Monday, October 28, 2013
Federal law enforcement agents are required to write interview reports of the witness interviews that they conduct. The most common report is the FBI 302. Prosecutors read and rely upon these reports in conducting their investigations. These reports are often handed over to the defense as potential Jencks material (witness statements, usually of a testifying case agent) orBrady/Giglio material (statements containing exculpatory or impeachment information). The vast majority of such reports are records of a particular interview at a particular place and time.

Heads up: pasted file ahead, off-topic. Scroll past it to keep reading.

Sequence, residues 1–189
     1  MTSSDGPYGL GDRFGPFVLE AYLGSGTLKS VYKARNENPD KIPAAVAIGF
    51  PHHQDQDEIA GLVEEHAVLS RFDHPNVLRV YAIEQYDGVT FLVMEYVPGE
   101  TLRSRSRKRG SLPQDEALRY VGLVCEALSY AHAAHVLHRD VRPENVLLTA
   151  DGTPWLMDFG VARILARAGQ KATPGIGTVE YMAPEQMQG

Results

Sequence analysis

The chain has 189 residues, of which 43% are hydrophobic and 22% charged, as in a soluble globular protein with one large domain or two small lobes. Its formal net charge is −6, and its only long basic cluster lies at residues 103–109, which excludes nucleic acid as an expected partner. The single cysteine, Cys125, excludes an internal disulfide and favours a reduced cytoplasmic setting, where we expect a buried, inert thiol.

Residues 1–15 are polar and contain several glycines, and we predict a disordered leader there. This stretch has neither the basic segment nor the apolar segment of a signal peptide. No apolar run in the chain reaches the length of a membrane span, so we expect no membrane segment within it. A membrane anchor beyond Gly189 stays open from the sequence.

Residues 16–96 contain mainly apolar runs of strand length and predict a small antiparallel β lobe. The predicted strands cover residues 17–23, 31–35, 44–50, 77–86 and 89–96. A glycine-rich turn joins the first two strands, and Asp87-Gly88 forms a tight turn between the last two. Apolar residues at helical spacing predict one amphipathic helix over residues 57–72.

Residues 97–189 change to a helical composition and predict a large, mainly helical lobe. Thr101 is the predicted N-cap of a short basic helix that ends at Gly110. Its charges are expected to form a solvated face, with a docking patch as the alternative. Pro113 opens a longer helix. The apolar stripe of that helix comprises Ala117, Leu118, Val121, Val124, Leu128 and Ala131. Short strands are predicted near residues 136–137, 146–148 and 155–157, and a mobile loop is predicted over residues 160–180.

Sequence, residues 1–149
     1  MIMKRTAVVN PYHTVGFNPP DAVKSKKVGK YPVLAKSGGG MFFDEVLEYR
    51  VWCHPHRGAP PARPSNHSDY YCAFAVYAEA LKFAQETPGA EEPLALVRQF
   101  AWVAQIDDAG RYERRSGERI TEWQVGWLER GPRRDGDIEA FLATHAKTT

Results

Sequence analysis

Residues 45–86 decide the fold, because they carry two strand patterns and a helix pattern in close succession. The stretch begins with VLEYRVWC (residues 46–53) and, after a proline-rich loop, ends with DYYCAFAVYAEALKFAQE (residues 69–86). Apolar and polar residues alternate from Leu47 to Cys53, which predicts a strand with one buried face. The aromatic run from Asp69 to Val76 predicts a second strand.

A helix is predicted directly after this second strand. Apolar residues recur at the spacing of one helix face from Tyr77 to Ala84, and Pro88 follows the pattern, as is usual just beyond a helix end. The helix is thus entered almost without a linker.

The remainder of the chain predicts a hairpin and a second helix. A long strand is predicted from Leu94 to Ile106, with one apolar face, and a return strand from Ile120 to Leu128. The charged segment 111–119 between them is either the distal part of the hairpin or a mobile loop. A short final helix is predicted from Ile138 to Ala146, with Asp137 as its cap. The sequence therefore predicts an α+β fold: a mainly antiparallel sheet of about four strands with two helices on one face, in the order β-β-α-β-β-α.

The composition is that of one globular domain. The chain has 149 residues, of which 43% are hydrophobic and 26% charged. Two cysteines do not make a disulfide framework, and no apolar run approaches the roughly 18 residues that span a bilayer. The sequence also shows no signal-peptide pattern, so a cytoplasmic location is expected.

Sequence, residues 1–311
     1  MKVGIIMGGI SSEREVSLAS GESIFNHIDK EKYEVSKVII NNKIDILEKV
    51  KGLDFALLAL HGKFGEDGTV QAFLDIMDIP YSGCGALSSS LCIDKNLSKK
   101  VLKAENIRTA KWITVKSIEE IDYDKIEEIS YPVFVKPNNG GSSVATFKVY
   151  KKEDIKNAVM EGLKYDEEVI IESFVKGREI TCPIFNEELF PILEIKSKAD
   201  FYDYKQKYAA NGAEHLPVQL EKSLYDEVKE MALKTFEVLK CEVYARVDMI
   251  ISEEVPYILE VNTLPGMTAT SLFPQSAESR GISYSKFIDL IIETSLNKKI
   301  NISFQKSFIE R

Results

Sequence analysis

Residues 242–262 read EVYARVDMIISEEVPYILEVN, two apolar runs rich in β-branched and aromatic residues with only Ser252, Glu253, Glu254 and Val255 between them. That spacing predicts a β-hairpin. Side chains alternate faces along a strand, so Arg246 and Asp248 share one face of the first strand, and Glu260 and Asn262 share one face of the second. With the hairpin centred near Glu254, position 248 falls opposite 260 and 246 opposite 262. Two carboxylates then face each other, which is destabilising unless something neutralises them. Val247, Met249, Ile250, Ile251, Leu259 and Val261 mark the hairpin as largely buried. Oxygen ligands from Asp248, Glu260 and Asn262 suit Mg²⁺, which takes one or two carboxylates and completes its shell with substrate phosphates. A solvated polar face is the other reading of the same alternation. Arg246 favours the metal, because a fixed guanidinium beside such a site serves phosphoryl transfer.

But a composite interview report purports to document several interviews occurring over an extended time period. A key witness might be interviewed six times during the course of a year. The composite interview report memorializes in one document the information obtained in all of the interviews without revealing what particular statement was made in which distinct interview.
What is wrong with this practice? The accused does not get an accurate picture of the interview subject's story as it evolves, which it inevitably does.